It’s often when we leave home that we need the help of apps most. But unfortunately, that can end up eating tons of our data, adding to the already exorbitant cost of travel. The good news is that your app store is filled with handy services that don’t require too much data — if at all. The best part? They’ll keep you safe and entertained without doing too much damage on your phone bill. Download these five must-have travel apps before you arrive at your destination.
This app is your travel chaperone in every sense of the word. It provides offline maps so you can navigate your new city with ease, weather functions so you can prepare for downpours, and reviews on local establishments. From the app, you can also download individual city guides for a variety of major cities like San Jose, Philadelphia and Amsterdam.
The last thing you want to do on a trip is carry around a binder of all your reservation documents or look through your overflowing inbox for confirmation numbers as the front desk attendant taps their fingers. TripIt compiles all of your bookings in one place — including hotels, rental cars and flights — and automatically builds a chronological itinerary for you. You can then send said itinerary to family and friends so they can keep track of your whereabouts and flight information. You’ll need a WiFi connection in order for the app to pull all of your travel information in the first place, but you can do that at home. Once you land, the service works without data.
Traveling to remote or less-developed countries no longer means staying out of touch since this handy app operates like a modern-day walkie-talkie. Send photos and messages to folks at home and coordinate meet-up times with your travel buddies.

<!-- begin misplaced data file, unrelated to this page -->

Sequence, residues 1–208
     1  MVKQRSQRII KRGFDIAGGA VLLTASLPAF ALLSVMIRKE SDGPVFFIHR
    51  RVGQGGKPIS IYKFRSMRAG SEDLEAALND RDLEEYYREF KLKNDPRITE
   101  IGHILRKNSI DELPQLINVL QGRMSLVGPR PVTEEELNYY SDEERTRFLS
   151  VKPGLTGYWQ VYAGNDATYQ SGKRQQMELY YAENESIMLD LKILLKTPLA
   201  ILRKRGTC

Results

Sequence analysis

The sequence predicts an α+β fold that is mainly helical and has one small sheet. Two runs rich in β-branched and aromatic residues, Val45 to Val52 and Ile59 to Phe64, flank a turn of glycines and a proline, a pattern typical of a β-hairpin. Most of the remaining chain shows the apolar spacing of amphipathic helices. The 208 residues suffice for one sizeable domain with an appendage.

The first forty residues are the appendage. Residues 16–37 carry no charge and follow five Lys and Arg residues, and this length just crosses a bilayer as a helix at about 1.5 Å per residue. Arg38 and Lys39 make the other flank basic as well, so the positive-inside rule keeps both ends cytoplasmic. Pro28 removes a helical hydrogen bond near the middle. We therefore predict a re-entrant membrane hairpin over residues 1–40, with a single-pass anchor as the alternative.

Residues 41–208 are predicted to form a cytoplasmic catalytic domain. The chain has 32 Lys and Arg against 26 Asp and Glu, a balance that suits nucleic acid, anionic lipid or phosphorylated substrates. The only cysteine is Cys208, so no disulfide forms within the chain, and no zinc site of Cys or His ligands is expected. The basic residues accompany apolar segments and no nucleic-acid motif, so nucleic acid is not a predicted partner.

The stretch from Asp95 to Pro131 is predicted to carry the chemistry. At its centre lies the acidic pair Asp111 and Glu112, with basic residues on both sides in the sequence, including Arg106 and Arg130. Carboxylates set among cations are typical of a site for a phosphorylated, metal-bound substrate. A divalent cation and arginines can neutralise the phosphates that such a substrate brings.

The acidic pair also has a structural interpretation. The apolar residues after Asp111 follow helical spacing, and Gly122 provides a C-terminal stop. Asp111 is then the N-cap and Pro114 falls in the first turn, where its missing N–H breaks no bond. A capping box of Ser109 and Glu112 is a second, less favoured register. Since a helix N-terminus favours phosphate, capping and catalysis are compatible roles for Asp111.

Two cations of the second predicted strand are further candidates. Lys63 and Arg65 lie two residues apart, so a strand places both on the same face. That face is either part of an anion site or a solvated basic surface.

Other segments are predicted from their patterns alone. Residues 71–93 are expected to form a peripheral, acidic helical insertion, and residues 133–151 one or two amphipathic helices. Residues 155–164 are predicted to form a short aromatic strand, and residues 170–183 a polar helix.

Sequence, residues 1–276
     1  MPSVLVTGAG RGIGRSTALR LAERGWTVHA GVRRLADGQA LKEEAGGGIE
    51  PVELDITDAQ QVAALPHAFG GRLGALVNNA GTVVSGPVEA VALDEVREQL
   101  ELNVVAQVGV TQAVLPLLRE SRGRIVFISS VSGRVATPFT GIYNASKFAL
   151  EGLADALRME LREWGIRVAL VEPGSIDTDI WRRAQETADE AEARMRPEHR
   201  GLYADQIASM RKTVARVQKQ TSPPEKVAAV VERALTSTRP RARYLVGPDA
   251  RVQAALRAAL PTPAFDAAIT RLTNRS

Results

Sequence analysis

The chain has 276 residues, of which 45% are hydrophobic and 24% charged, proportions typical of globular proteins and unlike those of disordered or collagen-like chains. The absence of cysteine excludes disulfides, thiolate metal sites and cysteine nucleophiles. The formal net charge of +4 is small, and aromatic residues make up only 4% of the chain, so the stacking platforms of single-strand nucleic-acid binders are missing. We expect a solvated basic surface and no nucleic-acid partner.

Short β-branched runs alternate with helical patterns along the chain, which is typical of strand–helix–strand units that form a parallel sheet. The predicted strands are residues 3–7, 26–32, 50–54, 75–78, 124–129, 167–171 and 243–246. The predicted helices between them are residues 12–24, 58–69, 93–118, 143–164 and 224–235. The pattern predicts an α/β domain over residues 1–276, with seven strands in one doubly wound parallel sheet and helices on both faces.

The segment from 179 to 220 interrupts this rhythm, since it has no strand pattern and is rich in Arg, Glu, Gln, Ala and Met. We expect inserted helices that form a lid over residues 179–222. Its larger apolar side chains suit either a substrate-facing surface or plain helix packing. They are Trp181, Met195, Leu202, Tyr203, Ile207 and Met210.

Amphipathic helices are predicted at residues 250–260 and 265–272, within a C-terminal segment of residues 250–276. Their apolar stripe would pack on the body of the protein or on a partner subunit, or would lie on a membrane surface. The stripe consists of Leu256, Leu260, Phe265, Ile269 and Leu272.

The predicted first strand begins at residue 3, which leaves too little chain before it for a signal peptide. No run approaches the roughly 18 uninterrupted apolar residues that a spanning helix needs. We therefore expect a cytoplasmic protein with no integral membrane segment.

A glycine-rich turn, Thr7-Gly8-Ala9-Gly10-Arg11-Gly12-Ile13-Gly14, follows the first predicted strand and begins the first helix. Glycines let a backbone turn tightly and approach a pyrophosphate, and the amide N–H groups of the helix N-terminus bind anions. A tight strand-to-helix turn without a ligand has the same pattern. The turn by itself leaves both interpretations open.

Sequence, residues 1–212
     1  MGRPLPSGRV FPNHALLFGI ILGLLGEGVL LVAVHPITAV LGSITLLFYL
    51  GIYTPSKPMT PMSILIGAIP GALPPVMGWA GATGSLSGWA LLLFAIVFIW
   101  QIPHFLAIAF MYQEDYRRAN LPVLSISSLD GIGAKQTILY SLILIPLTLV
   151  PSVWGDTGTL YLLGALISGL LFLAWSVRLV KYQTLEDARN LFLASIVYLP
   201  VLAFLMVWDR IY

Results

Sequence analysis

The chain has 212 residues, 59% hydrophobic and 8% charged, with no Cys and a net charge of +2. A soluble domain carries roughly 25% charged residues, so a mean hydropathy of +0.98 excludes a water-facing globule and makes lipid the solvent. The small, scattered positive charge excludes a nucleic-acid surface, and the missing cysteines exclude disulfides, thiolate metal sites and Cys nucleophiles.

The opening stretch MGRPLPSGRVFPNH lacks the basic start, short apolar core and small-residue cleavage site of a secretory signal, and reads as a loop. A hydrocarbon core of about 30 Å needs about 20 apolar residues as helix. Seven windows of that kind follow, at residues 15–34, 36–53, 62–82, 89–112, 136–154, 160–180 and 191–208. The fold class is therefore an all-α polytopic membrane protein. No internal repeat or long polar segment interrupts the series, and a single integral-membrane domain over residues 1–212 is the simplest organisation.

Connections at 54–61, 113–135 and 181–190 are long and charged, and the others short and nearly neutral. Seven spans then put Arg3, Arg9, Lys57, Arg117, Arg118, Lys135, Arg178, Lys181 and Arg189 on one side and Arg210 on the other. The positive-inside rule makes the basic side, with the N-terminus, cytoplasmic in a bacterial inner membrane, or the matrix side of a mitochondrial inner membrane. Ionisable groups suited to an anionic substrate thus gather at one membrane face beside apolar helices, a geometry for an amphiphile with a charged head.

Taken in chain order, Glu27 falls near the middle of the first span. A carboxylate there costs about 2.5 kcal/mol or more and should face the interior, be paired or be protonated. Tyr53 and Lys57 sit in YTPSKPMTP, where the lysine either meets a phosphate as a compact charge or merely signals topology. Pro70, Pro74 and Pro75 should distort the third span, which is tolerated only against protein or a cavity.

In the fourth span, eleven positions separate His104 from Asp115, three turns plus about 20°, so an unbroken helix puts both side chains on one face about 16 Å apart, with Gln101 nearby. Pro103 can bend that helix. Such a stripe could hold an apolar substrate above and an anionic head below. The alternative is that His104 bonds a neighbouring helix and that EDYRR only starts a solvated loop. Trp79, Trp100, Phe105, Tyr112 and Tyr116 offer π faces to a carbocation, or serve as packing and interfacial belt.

“Zello uses a fraction of bandwidth of phone calls and will often work in low bandwidth areas when phone calls won’t get through,” said Zello founder Alex Gavrilov. “But it almost always works in areas with incredibly weak or almost non-detectable Internet.” What’s more is that Zello has historically been instrumental in allowing survivors of natural disasters, like hurricane Irma, to communicate with one another, according to Gavrilov.
Haggling at a flea market is a lot more effective when you can communicate in their mother tongue, and finding directions is a lot easier when you can ask a local. Google Translate is beyond helpful abroad since you don’t need to use your mobile web browser to look up translations. Simply choose from their 59 data-free language packs, download them to your phone, and type in the term or phrase you need translated. If you need to translate languages that don’t use the English alphabet — say, Russian or Korean — simply point your in-app camera at the phrase and it’ll do all the work for you. You can also choose to draw the characters yourself if you don’t have the correct keyboard.
Given the sometimes confusing process of accessing medical care abroad, we have to be extra vigilant about our health when traveling. In Case of Emergency compiles all of your information — including insurance plan, medications, medical history, conditions, allergies and more — into one place so you can show it to your travel buddy or healthcare provider in the event of an emergency. It includes a widget that allows healthcare personnel to bypass your lockscreen passcode and access the app themselves. Note that this app is Android-compatible only. For an iPhone-friendly version, access the Medical ID function on your home screen and plug in all your medical information. No matter what operating system you’re on, though, both features are accessible without data.
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